It all began in 2004 when he started officiating local, and later international games.
“Since then I have officiated at a number of continental championships, Commonwealth Championships, Africa and Commonwealth Games and now the Olympic Games,” he said.
This, he believes prepared him for the Olympics, which has intense and extreme discipline, which can be admired.
“Japan is known for its precision and discipline. These particular Olympic Games are unprecedented.
“Never in the past have countries had to prepare under such severe circumstances. The only time when the Olympic Games were cancelled was during the world wars, thereafter never.
“These particular games were just postponed, but never cancelled, because the responsibility of the International Committee is to organise the Games, and not to cancel them.
“By now it is a well known fact that everybody concerned had to cope with the circumstances around the novel Coronavirus, and protocols have to be followed to ensure the safety of everybody attending the Games.
“Arriving in Tokyo all visitors had to be tested for the Coronavirus after being tested twice in their respective countries, before departing to Tokyo.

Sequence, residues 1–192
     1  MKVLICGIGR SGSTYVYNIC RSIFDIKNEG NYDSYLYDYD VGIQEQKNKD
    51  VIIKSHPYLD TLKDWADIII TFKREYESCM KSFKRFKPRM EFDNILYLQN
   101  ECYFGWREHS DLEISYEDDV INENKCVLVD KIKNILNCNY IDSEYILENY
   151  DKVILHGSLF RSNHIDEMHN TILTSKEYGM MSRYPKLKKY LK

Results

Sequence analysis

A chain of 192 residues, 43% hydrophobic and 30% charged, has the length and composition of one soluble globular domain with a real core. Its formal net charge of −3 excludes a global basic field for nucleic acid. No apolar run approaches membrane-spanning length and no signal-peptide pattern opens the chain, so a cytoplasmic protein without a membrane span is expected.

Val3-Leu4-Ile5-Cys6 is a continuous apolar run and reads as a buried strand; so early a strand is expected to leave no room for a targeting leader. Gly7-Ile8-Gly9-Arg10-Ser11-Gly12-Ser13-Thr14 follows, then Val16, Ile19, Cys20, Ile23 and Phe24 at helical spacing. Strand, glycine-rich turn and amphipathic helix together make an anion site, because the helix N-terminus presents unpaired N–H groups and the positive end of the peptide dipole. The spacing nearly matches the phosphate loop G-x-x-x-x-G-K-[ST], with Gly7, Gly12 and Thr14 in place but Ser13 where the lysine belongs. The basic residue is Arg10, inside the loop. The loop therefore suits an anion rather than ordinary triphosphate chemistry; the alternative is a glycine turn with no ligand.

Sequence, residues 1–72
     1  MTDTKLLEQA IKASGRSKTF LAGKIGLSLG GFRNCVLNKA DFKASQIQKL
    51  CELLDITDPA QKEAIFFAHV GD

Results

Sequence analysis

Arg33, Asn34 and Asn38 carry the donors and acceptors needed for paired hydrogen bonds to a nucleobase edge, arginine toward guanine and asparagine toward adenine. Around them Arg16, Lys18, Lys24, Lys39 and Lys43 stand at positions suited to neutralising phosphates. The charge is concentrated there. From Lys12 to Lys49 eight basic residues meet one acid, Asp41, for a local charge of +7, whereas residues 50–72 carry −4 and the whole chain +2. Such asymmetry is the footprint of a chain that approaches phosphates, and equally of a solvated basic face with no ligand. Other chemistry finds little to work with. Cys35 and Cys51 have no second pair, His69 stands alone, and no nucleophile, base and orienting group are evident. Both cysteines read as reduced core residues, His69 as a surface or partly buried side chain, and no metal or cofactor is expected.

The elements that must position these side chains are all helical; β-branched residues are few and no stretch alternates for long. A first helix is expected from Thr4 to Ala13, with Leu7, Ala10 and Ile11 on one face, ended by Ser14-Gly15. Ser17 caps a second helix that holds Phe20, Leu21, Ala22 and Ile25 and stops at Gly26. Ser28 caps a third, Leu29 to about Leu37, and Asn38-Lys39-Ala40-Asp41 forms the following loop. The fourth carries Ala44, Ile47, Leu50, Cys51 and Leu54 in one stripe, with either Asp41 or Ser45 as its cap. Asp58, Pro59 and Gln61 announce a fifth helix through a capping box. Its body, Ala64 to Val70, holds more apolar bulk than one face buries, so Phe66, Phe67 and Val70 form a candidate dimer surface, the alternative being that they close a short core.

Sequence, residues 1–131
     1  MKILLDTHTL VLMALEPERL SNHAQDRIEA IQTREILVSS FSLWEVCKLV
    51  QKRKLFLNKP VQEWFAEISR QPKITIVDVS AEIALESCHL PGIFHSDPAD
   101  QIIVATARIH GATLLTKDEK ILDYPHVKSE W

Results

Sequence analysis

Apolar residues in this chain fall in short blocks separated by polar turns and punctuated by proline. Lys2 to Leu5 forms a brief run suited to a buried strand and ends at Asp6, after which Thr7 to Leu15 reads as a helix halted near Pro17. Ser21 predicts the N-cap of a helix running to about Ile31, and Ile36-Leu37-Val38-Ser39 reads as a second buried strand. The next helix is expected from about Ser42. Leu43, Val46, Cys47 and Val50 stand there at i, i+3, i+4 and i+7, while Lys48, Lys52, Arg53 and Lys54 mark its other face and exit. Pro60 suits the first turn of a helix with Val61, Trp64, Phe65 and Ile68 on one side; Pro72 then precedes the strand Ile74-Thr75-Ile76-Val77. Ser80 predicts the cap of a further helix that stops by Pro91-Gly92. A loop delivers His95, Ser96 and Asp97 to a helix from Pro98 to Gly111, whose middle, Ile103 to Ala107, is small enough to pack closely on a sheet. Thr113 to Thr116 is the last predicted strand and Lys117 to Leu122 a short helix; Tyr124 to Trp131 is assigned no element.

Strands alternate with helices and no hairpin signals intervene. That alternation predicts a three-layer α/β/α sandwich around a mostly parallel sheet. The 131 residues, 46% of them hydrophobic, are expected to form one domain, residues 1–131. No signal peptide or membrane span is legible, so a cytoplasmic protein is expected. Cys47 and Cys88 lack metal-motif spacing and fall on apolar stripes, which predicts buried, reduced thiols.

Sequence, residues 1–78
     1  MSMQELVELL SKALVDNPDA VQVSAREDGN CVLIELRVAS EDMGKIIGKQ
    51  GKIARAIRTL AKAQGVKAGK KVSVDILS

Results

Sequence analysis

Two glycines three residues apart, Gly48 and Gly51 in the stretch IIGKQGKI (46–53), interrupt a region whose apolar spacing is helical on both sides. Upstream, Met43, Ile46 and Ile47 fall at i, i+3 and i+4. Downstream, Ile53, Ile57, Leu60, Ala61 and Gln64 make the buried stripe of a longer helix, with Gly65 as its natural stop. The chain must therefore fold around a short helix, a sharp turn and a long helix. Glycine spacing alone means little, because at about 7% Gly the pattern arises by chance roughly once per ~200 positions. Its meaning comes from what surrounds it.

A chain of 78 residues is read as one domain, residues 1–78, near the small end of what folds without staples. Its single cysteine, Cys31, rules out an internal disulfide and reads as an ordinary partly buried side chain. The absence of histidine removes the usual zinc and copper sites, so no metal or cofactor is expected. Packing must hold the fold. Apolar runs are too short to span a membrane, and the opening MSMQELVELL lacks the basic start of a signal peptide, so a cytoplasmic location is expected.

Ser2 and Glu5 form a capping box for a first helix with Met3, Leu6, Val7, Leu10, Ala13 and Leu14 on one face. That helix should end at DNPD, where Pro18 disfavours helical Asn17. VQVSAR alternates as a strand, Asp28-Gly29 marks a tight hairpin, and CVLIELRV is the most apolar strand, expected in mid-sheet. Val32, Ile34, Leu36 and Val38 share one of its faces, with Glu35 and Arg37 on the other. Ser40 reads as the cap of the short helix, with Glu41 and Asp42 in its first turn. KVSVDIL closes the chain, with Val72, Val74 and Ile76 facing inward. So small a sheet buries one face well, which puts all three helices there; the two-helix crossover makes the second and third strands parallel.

“Temperatures were taken, and if higher than the required standard, you would be refused entry into the country.
“PCR tests were taken on a daily basis. We have to record any symptoms, as well as our body temperatures, on a daily basis on an app known as OCHA (Office for the Coordination of Humanitarian Affairs).
“This app records if you were in close contact with people carrying the virus. If positive, you should report, and also, you are allowed to share the app with family and friends so that everybody can be in the know of your status.
“I am humbled by this experience. As a technical official, and serving on the jury in particular, is a very responsible portfolio because you have the power to turn a good lift to a bad lift, and in doing so, you can either set the athlete up for financial gain or ruin,” he said.
His wife, Dryden, said she admired her husband for his dedication: “He has always encouraged sports at school and believes in the importance of sports.”
Being the first African woman who is the deputy referee at the Tokyo 2020 Olympics for table tennis, Genevieve Lentz from Monte Vista is living a dream come true.
“I arrived on July 23, 2021. I am happy to be here right now, and would not give up this monumental moment in history for anything in the world right now.
“Unfortunately, due to Covid-19, we cannot tour on our off days or off time, so I would be at the venue every day.
“I enjoy Japan, I was here before in 2009 for the World Table Tennis Championships and in 2019, I was here for the World Team Cup. On both occasions I got to see a bit of Japan.
“The experience as referee has been phenomenal. Each member of the referee team brings something unique to the team and we've been working well alongside the umpires.
“I think the treasured moment at the end of each day is religiously receiving encouraging voice notes from my family and friends.
“The most special voice note being my six-year-old nephew Calum Noah Sparks - I listen to his voice note again each night before I go to sleep,” she said.